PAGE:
Three & a half stars.I read this book while away on holiday, so unfortunately I don't have it right next to me while I review.Excellent opening chapters with very evocative writing about life as upper class school boy.Rupert appears to be really honest about his own character failings - he doesn't seem quite so self aware that some of these foibles(light fingered, bitchy) may have cost him as many roles as his homosexuality.Celebrities & movies pictured (heaps of great photos) often are [...]

    • Marianne said:
      Sep 25, 2018 - 00:50 AM

      I’ve always enjoyed Rupert Everett’s comic style in movies like An Ideal Husband and The Importance of Being Earnest so I thought his biography would be an amusing venture into the world of a dashing British sex symbol. It wasn’t. This heavy-handed and abysmal tale attempted to put a humorous twist on vulgarity and perversion but I just couldn’t bring myself to laugh. The first chapter (and I didn’t bother reading any further but opted to selectively skim) pretty much destroyed my imag [...]

    • Gayle said:
      Sep 25, 2018 - 00:50 AM

      I had been meaning to read this book when it first came out but somehow I never got around to it and then recently my husband announced he was planning to read it so we have a copy at home so finally I have read it. I remember it receiving good reviews about the Hollywood lifestyle and all the people Rupert Everett has encountered. My feeling after finishing it is that Rupert Everett has been in more plays and films than perhaps I would have given him credit for and he has mixed with a very dive [...]

    • Magid said:
      Sep 25, 2018 - 00:50 AM

      I never really considered Rupert Everett (or 'Rupi', as I now insist on calling him) as much more than a floppy-haired C-list Hollywood layabout, but I was wrong. So WRONG. I found this book absolutley fascinating, charmingly written, genuinely funny, honest and, at times, really quite touching. I never realised that Everett had been around for quite such a long time, and that he'd really been a witness to the celebrity twilight zone that was the 80's and 90's. It's the range of his human experi [...]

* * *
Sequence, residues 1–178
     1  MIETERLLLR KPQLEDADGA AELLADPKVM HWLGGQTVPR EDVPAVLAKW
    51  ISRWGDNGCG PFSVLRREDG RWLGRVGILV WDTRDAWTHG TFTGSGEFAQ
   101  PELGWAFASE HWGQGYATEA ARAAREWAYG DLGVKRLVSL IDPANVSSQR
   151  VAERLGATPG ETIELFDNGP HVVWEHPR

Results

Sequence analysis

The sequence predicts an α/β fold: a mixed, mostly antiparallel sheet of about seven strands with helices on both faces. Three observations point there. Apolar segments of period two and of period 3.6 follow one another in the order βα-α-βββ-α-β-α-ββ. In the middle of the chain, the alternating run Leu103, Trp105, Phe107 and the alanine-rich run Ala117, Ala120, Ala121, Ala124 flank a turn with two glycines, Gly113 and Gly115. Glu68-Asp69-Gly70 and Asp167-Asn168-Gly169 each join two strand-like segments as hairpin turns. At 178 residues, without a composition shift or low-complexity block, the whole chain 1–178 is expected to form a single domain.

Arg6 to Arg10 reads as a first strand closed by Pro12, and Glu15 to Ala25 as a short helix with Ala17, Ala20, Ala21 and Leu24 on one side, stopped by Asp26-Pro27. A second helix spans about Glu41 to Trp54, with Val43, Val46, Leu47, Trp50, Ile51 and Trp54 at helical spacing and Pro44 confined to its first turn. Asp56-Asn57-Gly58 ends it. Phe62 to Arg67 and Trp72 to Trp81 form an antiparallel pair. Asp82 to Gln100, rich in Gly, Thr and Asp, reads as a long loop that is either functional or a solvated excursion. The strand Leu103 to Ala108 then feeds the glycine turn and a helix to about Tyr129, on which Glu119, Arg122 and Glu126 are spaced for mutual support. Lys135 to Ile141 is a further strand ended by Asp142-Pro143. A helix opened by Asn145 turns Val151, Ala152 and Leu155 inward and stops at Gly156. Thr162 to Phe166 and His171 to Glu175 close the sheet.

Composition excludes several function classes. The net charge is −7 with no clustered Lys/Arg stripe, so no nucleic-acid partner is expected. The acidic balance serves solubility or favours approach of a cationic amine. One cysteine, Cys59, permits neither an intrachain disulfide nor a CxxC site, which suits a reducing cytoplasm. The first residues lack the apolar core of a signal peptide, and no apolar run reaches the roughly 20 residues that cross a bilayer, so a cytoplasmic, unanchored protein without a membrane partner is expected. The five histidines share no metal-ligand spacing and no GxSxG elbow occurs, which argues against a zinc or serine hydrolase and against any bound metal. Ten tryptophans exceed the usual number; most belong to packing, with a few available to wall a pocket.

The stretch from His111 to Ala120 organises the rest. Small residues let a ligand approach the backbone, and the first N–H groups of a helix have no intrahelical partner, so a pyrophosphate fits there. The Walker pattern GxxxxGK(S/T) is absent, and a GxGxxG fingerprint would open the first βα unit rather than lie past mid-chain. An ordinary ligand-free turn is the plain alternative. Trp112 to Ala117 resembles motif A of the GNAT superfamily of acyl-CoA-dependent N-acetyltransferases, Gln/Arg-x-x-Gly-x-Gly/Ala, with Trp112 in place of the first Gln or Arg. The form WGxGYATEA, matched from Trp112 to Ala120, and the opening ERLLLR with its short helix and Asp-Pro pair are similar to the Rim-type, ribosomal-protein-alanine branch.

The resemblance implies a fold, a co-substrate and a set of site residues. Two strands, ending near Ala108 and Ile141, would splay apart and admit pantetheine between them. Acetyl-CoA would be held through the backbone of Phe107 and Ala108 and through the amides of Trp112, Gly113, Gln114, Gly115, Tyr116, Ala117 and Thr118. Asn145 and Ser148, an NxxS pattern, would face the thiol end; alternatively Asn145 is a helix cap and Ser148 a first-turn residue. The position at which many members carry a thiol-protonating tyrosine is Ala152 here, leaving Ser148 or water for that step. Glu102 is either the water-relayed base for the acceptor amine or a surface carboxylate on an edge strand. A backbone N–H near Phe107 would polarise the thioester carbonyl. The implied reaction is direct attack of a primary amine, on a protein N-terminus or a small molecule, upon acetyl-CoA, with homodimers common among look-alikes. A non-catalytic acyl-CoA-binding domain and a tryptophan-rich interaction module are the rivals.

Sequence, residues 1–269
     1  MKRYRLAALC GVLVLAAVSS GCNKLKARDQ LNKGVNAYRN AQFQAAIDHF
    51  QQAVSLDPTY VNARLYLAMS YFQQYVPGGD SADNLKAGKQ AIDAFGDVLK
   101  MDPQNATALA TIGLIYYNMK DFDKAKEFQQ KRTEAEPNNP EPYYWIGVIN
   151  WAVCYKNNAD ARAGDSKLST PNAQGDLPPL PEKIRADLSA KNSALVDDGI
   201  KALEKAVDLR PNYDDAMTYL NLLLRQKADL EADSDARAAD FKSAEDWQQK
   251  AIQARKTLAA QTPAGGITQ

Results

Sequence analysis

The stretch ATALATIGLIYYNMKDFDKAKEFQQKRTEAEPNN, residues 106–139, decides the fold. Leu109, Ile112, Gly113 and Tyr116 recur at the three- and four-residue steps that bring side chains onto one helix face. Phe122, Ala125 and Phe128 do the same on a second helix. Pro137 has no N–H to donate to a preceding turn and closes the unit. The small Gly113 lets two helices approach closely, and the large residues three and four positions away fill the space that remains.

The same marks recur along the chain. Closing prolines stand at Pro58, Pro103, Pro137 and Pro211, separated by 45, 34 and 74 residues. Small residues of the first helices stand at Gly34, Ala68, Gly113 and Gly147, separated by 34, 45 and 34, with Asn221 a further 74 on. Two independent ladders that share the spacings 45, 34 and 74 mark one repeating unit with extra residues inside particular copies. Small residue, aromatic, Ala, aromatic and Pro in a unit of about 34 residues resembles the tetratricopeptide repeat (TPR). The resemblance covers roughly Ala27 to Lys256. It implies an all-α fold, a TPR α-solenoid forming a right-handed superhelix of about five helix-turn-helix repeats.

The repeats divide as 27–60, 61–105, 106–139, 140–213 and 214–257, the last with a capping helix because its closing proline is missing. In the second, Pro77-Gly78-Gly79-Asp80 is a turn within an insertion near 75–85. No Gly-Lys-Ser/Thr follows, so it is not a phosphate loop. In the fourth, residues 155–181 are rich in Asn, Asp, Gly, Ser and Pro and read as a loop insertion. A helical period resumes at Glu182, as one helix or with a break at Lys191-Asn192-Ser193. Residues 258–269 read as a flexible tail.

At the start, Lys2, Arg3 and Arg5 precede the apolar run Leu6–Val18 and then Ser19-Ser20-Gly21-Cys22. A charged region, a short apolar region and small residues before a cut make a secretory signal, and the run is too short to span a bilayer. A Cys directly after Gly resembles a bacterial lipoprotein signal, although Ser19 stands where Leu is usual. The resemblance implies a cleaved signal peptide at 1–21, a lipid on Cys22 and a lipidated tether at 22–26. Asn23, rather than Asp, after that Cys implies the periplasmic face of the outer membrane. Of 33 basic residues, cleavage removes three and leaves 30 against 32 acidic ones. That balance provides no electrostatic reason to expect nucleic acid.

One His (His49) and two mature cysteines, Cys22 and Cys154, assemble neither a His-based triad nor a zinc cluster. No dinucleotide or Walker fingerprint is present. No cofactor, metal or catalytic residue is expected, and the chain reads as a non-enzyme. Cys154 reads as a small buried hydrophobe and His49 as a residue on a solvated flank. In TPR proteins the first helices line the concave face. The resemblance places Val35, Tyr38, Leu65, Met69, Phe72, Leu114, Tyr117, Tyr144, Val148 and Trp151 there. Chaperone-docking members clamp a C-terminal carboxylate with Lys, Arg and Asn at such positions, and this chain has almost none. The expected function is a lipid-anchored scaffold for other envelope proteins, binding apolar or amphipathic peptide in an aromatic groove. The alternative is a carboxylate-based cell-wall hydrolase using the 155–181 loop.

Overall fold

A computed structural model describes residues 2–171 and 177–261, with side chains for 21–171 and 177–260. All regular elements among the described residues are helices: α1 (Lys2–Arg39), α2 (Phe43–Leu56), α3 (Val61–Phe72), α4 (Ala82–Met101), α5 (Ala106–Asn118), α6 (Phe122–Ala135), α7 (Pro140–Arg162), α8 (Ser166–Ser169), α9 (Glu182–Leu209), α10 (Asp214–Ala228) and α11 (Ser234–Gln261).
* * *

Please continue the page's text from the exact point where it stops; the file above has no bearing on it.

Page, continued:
• Kristal Cooper said:
      Sep 25, 2018 - 00:50 AM

      I expected Rupert Everett's autobiography to simply be about being a gay and fabulous movie star. Of course, there's a lot of that -- but also lots of sex, drugs and drama. After over twenty years on the silver screen and a good number of years on the stage, he has worked with almost everyone worth mentioning in America and Europe. There's a metric ton of name-dropping in this book and I enjoyed all of it (especially after his arrival in Hollywood). Three things I liked in particular: (1) His ch [...]

    • Luke Devenish said:
      Sep 25, 2018 - 00:50 AM

      Very enjoyable. A recommend from my mum. For a man with such keen self-awareness you'd think Rupert would display rather more self-analysis. He's a bit light on there. I'm as in the dark about some of his dumber career decisions as he is. Rupe's great analysing others though. Best writing I've ever encountered on Paula Yates. Never heard her described in quite the same heartbreaking way that Rupert describes her. Brought a tear to my eye and stayed with me afterwards. His take on Madonna left me [...]

    • Kate said:
      Sep 25, 2018 - 00:50 AM

      Rupert Everett is the Zelig of actors. It's truly unbelievable what he's experienced: London theatre and an affair with Ian McKellen, Parisian disco dance floors with Saint Laurent, Miami decadence with Versace, the frozen Russian tundra when Yeltsin took power, New York and the Warhol satellites, LA and Orson Welles and Roddy MacDowell and Liz Taylor and Tony Richardson and on and on, watching the Twin Towers fall on 9/11. What a life. Witty and observant, snarky and poignant. And very well wri [...]

    • Samantha said:
      Sep 25, 2018 - 00:50 AM

      The best word to describe Rupert Everett's biography is.whiny, but that's part of why this autobiography is entertaining's so very dramatic! It's not wonderful and I wouldn't run out to buy it (I got mine for $3 off the Bargain Books shelf and I would recommend paying more than that!) but it was a "not terrible" way to pass the day. The story of Rupert Everett's mostly posh life. Sort of funny, sort of sad, sort of.?

    • Neil Munday said: